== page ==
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Ticketmaster tackles counterfeiting with digital ticket transfersBy
Ticketmaster has rolled out a new set of digital tools to let consumers legally transfer tickets to friends and family members.
Currently the digital ticket transfers program is only being rolled out across Ticketmaster’s Web site. The initiative will go into effect on Ticketmaster’s mobile applications and site later this spring.
“Today, via Ticketmaster.com you can send tickets to your friends and to your mobile phone for enabled venues and events,” said Kip Levin, executive vice president of ecommerce at Ticketmaster, Los Angeles.
“Later this spring, Ticket Transfer is coming to Ticketmaster’s mobile products, including the iPhone app, Android app and the mobile Web site,” he said. “This will allow you to transfer tickets via your mobile device.”
“Mobile represents a significant area of growth at Ticketmaster, and we are focused on products and features that improve the fan experience on all platforms as well as features that can offer specific flexibility and convenience for the fan in the apps and on the mobile Web site.”
Live Nation Entertainment-owned Ticketmaster.com claims to be the largest global event ticketing company and one of the world’s top five ecommerce site. The company brings in 27 million monthly unique visitors.
How it works
To transfer tickets, users first sign in at http://www.ticketmaster.com to pull up their account information.
From there, consumers pick the event from their order history that they want to send tickets to and enter an email address and name to send the tickets to.
Once the email is sent, the receiver logs into their own Ticketmaster account and accepts the transfer.
Per Ticketmaster, the program is based on the ability to reissue the bar codes that are printed on digital tickets. When users chose to transfer a digital ticket, the bar code on the original ticket is stripped and reissued on the receiver’s tickets.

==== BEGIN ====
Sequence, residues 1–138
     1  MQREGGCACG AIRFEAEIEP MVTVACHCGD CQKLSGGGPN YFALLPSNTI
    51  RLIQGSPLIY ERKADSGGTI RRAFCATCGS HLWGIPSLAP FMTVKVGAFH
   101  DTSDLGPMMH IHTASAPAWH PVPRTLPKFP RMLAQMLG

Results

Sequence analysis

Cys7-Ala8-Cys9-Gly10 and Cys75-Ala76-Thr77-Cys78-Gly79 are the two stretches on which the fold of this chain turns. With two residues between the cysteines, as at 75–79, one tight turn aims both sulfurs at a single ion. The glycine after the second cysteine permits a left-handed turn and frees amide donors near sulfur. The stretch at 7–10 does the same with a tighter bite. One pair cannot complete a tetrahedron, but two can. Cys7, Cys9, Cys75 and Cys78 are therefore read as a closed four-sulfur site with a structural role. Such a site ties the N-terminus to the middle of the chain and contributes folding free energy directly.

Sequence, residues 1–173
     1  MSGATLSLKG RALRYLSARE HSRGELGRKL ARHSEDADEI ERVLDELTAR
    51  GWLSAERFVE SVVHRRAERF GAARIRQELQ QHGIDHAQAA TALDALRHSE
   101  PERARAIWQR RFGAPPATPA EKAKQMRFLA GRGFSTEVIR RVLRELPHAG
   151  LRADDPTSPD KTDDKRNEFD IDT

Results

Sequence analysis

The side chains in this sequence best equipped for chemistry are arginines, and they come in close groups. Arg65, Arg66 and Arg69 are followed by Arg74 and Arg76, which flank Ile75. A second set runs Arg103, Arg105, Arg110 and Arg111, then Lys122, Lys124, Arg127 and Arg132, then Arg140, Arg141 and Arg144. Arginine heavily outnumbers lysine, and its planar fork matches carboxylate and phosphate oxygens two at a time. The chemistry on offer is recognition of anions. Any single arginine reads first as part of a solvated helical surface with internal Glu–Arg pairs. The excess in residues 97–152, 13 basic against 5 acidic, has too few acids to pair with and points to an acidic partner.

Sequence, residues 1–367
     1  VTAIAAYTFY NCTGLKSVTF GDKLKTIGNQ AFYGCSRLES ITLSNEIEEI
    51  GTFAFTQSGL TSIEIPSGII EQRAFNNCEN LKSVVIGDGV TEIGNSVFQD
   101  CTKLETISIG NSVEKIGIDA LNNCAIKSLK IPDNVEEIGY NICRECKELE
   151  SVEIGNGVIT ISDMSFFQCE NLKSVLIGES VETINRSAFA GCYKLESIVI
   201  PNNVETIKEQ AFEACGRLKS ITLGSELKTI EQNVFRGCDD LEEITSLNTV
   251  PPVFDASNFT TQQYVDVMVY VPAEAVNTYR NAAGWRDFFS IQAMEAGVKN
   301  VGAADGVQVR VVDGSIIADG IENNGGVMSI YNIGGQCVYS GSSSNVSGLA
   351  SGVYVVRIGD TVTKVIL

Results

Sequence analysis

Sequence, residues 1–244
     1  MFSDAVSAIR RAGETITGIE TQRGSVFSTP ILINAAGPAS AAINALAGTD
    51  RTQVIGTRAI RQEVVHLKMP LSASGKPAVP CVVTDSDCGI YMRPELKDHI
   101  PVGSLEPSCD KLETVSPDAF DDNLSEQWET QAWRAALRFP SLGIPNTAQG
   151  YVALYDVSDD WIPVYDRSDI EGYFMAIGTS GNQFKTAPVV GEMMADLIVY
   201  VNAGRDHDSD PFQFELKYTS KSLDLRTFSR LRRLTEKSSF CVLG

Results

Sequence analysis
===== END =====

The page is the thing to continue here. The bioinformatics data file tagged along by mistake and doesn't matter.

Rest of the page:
Ticketmaster’s new program highlights the ongoing scalping challenges that live event marketers face with consumers increasingly buying tickets online.
As consumers buy tickets online, they also expect to be able to redeem tickets at venues from their mobile devices.
However, this often leads to big investments in mobile ticketing services that are expensive and difficult to roll out at scale.
Ticketmaster’s digital ticket transfers program builds on the company’s continued investment in mobile.
Most recently, Live Nation launched an Android app that lets consumers search for and buy tickets directly from their devices (see story).
Ticketmaster launched its iPhone app in Feb. 2012 (see story).
Then later in 2012, Ticketmaster became one of first brands to link the app into Apple’s Passbook. Consumers with the Ticketmaster iPhone app can save tickets into Passbook that can be scanned at the venue. The technology is also location-triggered to alert consumers when they are nearby an event.
“Ticketmaster continues to improve the fan experience on all mobile products with features like Passbook integration in the iPhone app and on the mobile Web,” Mr. Levin said.
“Ticketmaster is already off to a quick start in 2013,” he said. “On January 29, Ticketmaster launched a new app-specific feature called push captcha, which utilizes push notifications to authenticate the Ticketmaster app and streamlines ticket purchase for the fan by completely eliminating the traditional type-in captcha process.”
Lauren Johnson is associate reporter on Mobile Commerce Daily, New York
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